[tlhIngan Hol] tlhIngan Hol jatlhmeH, ghoghwIj lo' De'wI'wIj
daniel at dadap.net
Sun May 27 20:29:21 PDT 2018
tlhIngan Hol vIjatlhtaHvIS, wab tamey puS vIchenmoH. ghIq, wab tamey ghoghwIj poj nIqHom. pojvammo', DaH tlhIngan Hol jatlhlaH nIqHomvam, 'ej ghoghwIj rurqu'.
pa' nIqHomvam tu'lu': github.com/CSTR-Edinburgh/Ossian
I’m experimenting with TTS software that works via training a neural network on speech samples with transcripts. The sample linked above was generated using a model built off of about forty minutes of my voice speaking Klingon. I think I might re-record some of the corpus, since the weird pacing and clipping is due to some inconsistencies in the recordings used to build the model, but the results so far are fairly promising.
I originally had less than ten minutes of data fed into the model, and the resulting speech sounded like a 1980’s speech synthesizer. It still sounds markedly synthetic, but I’m much happier with the results now, and I believe they can be improved further. The original corpus I fed into it was just me reading all of the Klingon sentences from “Conversation Klingon”, because I wanted to see if it would produce a reasonable model with such a small amount of input. I was hoping that it might be possible to feed the NN some Klingon audiobooks and get “Worf’s” voice to come out the other end. While the results with such a small corpus were indeed intelligible Klingon, the quality of the speech was not good, and somewhat resembled the quality of the classic “Speak & Spell” toy, hence the choice of the example sentence in the recording (I’m not intentionally not providing a transcription, as I’m hoping the quality of the recording is sufficient for you to figure out what it says). When that limited corpus proved insufficient, I supplemented it with some proverbs and song lyrics, and then supplemented it further with random Klingon text generated from KAG’s online generator tool.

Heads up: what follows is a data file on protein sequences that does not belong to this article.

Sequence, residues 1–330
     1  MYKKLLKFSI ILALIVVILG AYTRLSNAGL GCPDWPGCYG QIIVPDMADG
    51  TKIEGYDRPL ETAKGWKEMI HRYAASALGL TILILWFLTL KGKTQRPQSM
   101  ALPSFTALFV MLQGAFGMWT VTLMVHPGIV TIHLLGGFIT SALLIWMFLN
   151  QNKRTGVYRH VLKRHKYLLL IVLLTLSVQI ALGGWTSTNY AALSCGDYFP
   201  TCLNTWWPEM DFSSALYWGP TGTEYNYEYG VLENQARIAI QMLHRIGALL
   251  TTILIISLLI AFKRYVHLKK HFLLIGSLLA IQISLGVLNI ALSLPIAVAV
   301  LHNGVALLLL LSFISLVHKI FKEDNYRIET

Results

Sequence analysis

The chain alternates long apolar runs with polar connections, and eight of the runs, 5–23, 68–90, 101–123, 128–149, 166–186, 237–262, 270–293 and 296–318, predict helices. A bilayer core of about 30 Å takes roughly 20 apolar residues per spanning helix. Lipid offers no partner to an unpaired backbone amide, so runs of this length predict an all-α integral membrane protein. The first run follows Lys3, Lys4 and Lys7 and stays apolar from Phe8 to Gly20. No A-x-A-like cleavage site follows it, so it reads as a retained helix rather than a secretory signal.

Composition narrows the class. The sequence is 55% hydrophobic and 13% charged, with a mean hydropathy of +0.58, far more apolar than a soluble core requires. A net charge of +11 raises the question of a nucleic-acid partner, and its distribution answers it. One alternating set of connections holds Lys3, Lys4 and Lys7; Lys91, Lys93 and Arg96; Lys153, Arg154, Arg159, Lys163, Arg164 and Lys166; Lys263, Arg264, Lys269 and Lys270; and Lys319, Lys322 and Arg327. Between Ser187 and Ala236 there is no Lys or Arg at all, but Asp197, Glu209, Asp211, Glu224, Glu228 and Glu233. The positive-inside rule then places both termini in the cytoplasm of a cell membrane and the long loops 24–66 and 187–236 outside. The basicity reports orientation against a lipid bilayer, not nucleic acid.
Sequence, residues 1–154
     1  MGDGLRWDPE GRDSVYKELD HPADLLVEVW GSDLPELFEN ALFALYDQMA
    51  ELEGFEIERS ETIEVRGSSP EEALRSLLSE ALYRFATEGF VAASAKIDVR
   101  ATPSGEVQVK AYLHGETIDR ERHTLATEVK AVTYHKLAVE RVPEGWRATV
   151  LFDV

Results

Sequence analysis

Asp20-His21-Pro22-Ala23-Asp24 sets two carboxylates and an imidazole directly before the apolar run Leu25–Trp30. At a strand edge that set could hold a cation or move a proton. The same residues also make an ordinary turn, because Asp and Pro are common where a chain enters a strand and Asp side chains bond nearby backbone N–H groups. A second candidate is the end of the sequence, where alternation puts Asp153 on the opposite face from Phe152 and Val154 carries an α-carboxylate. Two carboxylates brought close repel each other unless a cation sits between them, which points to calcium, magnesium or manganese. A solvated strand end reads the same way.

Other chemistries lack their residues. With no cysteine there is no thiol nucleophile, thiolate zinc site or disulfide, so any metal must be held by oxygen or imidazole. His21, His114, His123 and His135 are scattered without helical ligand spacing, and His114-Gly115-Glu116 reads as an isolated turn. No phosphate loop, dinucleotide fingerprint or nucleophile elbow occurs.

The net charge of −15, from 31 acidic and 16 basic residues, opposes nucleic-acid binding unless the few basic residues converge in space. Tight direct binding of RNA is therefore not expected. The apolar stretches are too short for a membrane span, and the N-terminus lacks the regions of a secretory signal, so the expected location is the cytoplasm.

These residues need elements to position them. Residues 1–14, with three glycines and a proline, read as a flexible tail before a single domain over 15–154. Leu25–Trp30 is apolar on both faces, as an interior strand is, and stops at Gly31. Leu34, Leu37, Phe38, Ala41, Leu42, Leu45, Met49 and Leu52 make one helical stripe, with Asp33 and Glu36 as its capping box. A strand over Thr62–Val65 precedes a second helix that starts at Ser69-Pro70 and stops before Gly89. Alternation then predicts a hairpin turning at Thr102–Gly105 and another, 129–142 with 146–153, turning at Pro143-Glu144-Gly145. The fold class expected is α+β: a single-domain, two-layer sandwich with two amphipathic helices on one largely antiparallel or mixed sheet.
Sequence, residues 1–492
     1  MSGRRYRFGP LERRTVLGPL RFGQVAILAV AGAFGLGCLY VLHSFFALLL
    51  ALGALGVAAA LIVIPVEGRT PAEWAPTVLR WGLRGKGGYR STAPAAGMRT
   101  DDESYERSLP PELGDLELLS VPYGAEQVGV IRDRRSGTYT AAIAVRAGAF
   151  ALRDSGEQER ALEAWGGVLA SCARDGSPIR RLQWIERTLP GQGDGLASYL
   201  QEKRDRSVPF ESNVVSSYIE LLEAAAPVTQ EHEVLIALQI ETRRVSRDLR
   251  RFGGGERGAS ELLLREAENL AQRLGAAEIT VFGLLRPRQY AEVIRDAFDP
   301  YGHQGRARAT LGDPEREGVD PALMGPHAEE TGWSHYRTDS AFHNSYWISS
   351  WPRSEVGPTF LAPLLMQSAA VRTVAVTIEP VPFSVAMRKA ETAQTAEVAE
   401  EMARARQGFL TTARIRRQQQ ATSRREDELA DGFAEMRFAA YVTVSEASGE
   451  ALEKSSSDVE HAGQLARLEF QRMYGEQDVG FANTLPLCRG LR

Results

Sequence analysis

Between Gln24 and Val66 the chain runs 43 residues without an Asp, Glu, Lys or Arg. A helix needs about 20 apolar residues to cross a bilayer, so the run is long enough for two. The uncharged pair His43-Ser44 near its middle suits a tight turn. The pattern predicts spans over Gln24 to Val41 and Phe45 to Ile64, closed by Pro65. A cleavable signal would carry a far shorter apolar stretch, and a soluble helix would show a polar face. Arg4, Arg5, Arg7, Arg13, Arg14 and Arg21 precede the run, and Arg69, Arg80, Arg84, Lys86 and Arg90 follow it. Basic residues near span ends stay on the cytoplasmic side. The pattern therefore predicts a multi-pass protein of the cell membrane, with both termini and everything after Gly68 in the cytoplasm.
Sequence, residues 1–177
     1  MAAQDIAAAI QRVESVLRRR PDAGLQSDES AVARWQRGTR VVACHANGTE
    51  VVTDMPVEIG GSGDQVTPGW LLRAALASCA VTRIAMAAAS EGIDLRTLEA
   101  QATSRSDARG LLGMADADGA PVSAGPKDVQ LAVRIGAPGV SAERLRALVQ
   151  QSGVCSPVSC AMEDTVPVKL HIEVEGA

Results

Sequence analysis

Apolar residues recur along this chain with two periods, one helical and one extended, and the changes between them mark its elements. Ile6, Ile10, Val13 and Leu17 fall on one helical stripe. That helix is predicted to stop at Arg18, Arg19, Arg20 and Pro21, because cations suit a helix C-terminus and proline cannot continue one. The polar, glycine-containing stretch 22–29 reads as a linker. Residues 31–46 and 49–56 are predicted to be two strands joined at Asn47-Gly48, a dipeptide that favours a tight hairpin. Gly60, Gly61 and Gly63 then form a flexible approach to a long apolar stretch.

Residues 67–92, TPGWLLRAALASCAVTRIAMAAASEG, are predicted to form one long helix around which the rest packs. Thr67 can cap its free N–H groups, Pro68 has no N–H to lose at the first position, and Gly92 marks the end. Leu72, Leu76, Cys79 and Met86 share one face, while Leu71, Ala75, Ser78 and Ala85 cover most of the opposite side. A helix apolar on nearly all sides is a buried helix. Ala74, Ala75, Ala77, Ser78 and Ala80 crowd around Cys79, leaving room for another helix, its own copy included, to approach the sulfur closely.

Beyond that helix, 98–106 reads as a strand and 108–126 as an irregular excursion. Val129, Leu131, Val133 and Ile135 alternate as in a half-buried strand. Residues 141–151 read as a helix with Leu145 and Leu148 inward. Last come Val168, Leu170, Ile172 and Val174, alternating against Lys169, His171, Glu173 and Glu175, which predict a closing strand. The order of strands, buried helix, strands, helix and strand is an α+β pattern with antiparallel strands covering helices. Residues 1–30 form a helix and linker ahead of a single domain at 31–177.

I’m hoping to be able to take the results of this training and package it up in a way that offers convenient Klingon TTS services for whatever purposes one might want Klingon TTS functionality. If I’m successful in doing so, I’m wondering if some skilled Klingon speakers might be willing to lend their voices to such an effort. Experience with e.g. doing voiceover work would be.a plus, as I suspect that my POC would sound much better if I had been more disciplined about being consistent with the cadence and volume of my speech.
And yes, I know De’vID already has a Klingon TTS software; I’m just curious about exploring other approaches.
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